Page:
My Favorite Movies of 2018

It’s crazy to believe that this is the fifth year I’ve talked about my favorite movies of the year. While my picks in the past have been vastly different from each other, the movies that stuck out to me in 2018 were eerily similar in certain aspects. They come from the same two years, three of them can be interpreted as rom-coms, and two of the movies are Netflix originals. A little weird, right?

I read through 2017’s favorite movies post in preparation for this (check out 2014, 2015, and 2016), and back then, I wrote that the year’s favorites weren’t actually personal standouts. Basically, they’re not very likely to make my list of all-time favorite movies, and I still agree with that statement today. I haven’t watched any of those movies since last year, but looking over the list, I understand why they meant so much to me at the time. A favorite movie doesn’t necessarily have to remain a tried and true love affair your whole life. As long as it means something to you at a certain point, it’s worth remembering and valuing.

Last year, I also talked about reading more books than movies. That happened again this year, but for the first time, I watched screeners of movies for work quite frequently. At the time of writing this, the last three movies I’ve seen were all screeners I watched ahead of their actual premiere dates. I always feel delightfully sneaky getting to watch these before most people, but on the other hand, keeping up with TV and movies for work also means I’m less likely to watch a film in my free time.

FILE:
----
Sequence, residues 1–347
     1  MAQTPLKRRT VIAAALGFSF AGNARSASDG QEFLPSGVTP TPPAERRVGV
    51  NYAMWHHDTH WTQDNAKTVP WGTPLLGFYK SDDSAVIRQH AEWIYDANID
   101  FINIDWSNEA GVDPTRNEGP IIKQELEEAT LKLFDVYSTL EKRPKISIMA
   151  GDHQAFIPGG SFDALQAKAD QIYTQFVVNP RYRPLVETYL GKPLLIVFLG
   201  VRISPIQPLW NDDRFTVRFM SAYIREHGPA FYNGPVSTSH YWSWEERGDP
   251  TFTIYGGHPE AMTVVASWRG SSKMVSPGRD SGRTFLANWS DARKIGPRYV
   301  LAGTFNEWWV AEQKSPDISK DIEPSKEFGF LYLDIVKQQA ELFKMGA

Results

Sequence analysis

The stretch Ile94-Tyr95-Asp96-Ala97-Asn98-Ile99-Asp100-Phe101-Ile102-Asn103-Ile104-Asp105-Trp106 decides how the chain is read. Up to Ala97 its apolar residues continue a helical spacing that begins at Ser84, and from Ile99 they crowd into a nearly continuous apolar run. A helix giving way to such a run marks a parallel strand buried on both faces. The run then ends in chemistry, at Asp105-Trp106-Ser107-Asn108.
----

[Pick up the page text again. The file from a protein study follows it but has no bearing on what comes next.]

In the end, I think I’ve become pickier with movies, but I did genuinely adore the ones listed below (as always, these are movies I watched for the first time in 2018, not necessarily ones released this year). Will they become lifelong favorites? I can’t say for sure, but treat yourself and try one of them out if you think they’ll suit you!

1) Moonstruck (1987) – Seen January 13, 2018

As I said in my post about Moonstruck earlier this year, the romance involving Nicolas Cage was the only thing I didn’t get about this movie, but the rest of its world and storyline totally made up for it. Brooklyn widow Loretta casually accepts a slightly loveless marriage proposal from her beau, but when her fiancé sends her to visit his estranged little brother, her feelings for the younger man grow complicated.

Old New York feels very familiar to me because three of my grandparents were born and raised in city boroughs. I’m also from Long Island, where the older generations are packed with people who grew up in Moonstruck‘s generation of Brooklyn. This movie’s characters felt like home to me, and the romance of its cozy Italian restaurants (and admittedly John Mahoney’s slightly sleazy professor) definitely surpassed its romantic relationship. At the end of the day, I’d much rather have tiramisu and an old-school maître d’ at my side than Nicolas Cage.

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